Sparkling Sydney

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The Wild Irish Girl, by Sydney Owenson, was first published in 1806, since when it has rarely been out of print. I knew nothing of this novel or its author until a few years ago, when I was writing about the Italian poet and philosopher Leopardi and needed to place this tormented genius against a real background. I read diaries and letters by those who took the Grand Tour and more than once came upon the name of one Lady Morgan, an Irish feminist and patriot who, by the age of 25, was supporting herself, her father and her sister on the novels, travel books, articles and pamphlets she wrote under her maiden name, Sydney Owenson.

As soon as I read Sydney on Italy I was hooked; I found her principled, cheerful, energetic, imaginative and decent: excellent company. She was passionate about her writing and regularly stuck at it for eight hours at a sitting. She had unusual confidence in herself and her femininity; she was creative – could make her own clothes and, when let down by her chef just a few hours before giving a dinner party, did the cooking herself. She believed in justice and equality at home and abroad which, like feminism and atheism, were not principles universally espoused by her contemporaries. Unlike many travellers in the eighteenth and early nineteenth centuries, Sydney did not travel abroad to plunder her hosts of their art and artefacts but to familiarize herself personally with foreign places and peoples. She made an enormous impression wherever she went and was courted and admired ‘as well for her unrivalled talents as her elegant and unaffected manners’. Byron wrote of her Italy (1821): ‘Her work is fearless and excellent . . . I know the country. I wish she had fallen in with me; I could have told her a thing or two that would have confirmed her position.’ But of course she was roundly criticized too, by the usual suspects.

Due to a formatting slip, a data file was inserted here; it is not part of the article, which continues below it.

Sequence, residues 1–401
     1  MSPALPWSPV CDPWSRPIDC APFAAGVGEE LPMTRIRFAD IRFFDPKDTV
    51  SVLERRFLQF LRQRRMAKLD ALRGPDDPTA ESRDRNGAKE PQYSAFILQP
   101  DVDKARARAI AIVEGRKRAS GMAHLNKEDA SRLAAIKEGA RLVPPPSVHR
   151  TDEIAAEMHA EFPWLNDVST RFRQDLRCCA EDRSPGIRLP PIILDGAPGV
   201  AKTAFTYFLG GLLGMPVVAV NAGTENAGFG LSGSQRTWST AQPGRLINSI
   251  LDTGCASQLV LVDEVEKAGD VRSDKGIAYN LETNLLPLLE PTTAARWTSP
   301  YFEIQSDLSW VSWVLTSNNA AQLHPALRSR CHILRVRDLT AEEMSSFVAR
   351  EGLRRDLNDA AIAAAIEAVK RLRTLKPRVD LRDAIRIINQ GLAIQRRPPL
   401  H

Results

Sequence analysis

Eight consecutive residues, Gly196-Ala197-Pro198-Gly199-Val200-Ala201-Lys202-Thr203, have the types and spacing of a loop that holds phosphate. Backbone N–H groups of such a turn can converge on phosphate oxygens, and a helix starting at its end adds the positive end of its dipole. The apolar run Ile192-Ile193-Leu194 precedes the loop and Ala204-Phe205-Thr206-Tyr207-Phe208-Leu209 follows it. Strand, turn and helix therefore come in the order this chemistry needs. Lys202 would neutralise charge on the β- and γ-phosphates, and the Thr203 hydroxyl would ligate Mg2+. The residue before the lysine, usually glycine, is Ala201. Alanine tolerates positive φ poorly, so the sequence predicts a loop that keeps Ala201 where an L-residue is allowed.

Before setting out, Sydney spent two years boning up on Italian history. She acqu

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About the contributor

Elisabeth Russell Taylor is the author of six novels including the Virago Modern Classics Pillion Riders and Mother Country, and three collections of short stories. She lives in London and is currently writing her seventh novel.

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